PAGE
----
Australasian Evolution Society Conference 2017, Hobart Tasmania

By Carmen da Silva - PhD candidate

I travelled to Hobart for the Australasian Evolution Society conference at the start of December 2017 with other UQ PhD candidates Iva Popovic, Julian Beaman and Joshua Thia. It was the first non-student conference I have attended and it was great experience learning about what other labs around the country are working on.

   
  
   
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     Presenting my burst swimming speed performance data showing that Coco’s Frillgoby has the capacity to acclimate and has wide thermal performance curves. 

Presenting my burst swimming speed performance data showing that Coco’s Frillgoby has the capacity to acclimate and has wide thermal performance curves. 

I presented my first PhD chapters work on environmental thermal variability and how it plays a role in the evolution of thermal acclimation capacity (how plastic an animal is) and thermal performance curve shape (how wide an animal’s thermal tolerance is).

Thermal acclimation theory suggests that when daily thermal fluctuations are smaller than seasonal thermal variations animals will have narrow thermal performance curves and the capacity to acclimate to seasonal conditions. When daily thermal fluctuations are equal to or larger than seasonal variations however, animals are expected to evolve wide thermal performance curves and have no capacity to acclimate. What makes Coco’s Frillgoby exciting is that they live in rock-pool environments where daily thermal variation is equal to seasonal variation but changes in daily thermal means and ranges shift predictably with season, allowing Coco’s Frillgoby to have wide thermal performance curves and the capacity to acclimate.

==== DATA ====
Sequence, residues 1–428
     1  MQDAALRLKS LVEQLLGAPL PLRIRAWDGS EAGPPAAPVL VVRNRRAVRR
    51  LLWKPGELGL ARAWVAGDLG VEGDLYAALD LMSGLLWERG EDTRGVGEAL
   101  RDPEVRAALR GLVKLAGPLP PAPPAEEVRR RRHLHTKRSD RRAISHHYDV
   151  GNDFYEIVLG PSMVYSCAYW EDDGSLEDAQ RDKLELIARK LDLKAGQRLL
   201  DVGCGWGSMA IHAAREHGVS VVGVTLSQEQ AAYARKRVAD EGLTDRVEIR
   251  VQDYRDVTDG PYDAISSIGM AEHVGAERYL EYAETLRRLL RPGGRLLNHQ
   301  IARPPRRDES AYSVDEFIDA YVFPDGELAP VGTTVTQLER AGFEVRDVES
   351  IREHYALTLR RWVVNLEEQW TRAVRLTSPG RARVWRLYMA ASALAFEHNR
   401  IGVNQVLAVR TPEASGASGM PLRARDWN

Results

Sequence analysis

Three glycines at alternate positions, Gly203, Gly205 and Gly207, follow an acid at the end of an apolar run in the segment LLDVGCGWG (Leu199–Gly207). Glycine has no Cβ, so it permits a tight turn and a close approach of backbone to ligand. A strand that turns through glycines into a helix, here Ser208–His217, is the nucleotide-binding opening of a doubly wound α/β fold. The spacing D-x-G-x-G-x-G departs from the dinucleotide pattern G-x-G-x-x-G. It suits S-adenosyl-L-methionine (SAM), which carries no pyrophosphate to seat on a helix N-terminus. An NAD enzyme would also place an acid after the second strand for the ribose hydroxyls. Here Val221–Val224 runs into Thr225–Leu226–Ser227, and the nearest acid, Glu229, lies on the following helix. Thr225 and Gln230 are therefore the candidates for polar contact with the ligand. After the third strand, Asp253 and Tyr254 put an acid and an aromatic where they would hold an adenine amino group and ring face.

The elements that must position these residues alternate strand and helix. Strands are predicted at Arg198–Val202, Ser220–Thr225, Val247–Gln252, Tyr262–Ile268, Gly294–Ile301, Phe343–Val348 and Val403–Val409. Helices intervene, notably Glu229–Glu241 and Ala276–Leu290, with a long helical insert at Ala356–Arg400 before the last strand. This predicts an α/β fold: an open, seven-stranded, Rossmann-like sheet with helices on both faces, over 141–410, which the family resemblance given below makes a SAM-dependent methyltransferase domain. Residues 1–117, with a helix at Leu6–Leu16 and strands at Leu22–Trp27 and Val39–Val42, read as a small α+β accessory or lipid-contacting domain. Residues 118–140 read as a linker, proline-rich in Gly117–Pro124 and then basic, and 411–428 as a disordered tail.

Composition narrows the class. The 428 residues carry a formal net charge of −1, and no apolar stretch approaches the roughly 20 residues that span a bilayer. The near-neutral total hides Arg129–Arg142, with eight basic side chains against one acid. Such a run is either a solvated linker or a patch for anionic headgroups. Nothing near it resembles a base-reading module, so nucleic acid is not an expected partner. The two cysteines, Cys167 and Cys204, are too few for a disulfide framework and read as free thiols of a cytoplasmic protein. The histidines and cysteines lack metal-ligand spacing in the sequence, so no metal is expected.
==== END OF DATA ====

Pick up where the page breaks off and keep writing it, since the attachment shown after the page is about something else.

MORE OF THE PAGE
Joshua Thia also works on Coco’s Frillgoby and presented his work on population connectivity along Australia’s east coast. Iva Popovic presented her work on the transcriptome of an invasive mussel species that is spreading around the world and Julian Beaman presented his work on the allometric scaling relationship of mass and metabolic rate in cockroaches, and tested if metabolic rate is heritable.

Iva Popovic won best student talk at the conference and Julian Beaman won best poster! Well done you guys and go UQ!!

 

   
  
   
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     Wineglass bay in Freycinet National Park. 

Wineglass bay in Freycinet National Park. 

   
  
   
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     Julian Beaman (left) and Iva Popovic (right) the AES student poster and presentation winners! So happy and proud for them! 

Julian Beaman (left) and Iva Popovic (right) the AES student poster and presentation winners! So happy and proud for them! 

After the conference, the four of us Queenslanders explored Hobart where of course we couldn’t miss the vagina wall at MONA (Museum of Old and New Art) and we travelled to Freycinet National Park - a beautiful mountainous and coastal region a few hours north of Hobart. We loved it! We will be back Tasmania!!